Every time we are killed by the police, our souls are traumatized.  Our mental state is thrown out of equilibrium.  Our blood pressure rises, our hearts race, our temples pulse.  That is extremely stressful and distressing and takes a toll on our psyche, not to mention the toll on our physical health.  It’s time to give it right back.  We have to return the same level of distress to the collective psyche of police departments and communities around this country.”

I wrote those words last year.  I meant it then, and I mean it ever more so now.  If Cincinnati needs to “riot”, then so be it.  As Dr. King said, “rioting is the voice of the unheard”.  Let the uprising begin.

Black folks cannot keep waiting for our humanity to be recognized.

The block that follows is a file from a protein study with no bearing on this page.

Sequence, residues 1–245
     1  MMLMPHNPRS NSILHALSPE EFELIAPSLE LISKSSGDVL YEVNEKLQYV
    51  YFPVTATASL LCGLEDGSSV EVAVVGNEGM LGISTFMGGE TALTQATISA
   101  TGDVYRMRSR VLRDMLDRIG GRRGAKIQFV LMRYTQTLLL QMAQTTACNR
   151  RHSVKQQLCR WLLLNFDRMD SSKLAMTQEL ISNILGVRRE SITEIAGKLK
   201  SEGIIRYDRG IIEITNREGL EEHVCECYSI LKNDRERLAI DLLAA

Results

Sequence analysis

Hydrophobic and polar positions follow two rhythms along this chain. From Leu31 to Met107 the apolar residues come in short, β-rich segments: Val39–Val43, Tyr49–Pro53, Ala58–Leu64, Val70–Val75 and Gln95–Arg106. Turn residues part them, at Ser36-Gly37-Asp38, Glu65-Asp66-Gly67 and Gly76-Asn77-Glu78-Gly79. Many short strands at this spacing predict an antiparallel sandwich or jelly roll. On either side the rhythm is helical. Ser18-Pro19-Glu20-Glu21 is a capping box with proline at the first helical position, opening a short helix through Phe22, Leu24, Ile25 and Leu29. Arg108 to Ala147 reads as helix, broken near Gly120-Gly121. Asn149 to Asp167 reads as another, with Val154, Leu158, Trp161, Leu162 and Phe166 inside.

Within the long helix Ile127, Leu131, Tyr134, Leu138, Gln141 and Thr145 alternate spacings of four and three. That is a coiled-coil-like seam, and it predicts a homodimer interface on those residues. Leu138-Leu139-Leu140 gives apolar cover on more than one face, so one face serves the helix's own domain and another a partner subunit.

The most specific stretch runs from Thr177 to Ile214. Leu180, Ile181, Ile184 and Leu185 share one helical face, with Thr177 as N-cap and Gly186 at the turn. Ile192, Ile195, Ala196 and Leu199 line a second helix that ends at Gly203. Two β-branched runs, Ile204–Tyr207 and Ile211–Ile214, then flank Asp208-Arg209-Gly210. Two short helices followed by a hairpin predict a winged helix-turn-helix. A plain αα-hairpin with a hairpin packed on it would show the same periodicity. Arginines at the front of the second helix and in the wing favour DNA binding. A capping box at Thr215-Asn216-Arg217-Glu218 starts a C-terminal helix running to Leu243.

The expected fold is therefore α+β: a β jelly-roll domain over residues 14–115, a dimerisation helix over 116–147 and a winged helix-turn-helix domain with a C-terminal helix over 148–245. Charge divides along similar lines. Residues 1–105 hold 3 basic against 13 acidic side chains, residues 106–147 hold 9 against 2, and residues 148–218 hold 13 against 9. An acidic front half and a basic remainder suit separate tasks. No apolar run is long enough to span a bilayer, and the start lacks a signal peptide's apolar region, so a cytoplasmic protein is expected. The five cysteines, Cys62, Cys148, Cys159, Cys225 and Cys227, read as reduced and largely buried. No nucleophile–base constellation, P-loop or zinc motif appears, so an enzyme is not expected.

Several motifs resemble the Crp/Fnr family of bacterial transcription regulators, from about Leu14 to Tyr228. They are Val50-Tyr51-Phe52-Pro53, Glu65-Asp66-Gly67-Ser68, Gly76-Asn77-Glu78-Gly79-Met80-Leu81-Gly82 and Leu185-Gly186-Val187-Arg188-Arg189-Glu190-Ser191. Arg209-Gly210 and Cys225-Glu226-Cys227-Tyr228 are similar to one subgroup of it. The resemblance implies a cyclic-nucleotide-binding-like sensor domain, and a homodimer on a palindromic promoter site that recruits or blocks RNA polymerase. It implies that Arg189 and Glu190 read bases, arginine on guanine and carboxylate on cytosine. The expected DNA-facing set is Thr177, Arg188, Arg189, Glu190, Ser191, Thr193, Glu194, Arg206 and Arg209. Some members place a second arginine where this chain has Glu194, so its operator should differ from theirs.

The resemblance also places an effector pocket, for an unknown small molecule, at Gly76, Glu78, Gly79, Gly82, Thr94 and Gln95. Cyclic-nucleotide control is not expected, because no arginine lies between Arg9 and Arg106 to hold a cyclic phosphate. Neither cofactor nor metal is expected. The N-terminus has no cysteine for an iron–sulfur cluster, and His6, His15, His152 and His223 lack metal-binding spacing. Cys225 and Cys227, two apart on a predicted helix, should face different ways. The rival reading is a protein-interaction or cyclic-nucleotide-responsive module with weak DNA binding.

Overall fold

If you aren’t in this battle with us…if you don’t agree that almost 300 years of chattel slavery, plus another 150 years of black codes, Jim Crow laws, and now Jim Crow Jr. systemic oppression is enough dismissal for any one group of people to take…


YOU are dismissed.

Photo Credit: Thanks to MicNews for the photo.

Sandra Bland

SandyBlandIt is taken me awhile to write about Sandra Bland.  In fact, it’s taken me exactly two weeks since her death to be able to get the words out of my head and into a coherent post.  But not for lack of trying.

I’ve tried to calm my anxiety.  I’ve tried to erase my own fear that Sandy Bland and I are a just a bit too similar in that her reaction to that officer felt “right” and “natural” and so…likely mine.  I’ve tried to ignore that even though I am close to twice her age, she was, at 28, who I wished I had been at that age.  A courageous, confident, assertive speaker-of-truth-to-power as opposed to the confidently-quite-positive-that-the-system-works-if-you-do-what-good-white-people-tell-you-to-do-to-be-successful person that I was at that age.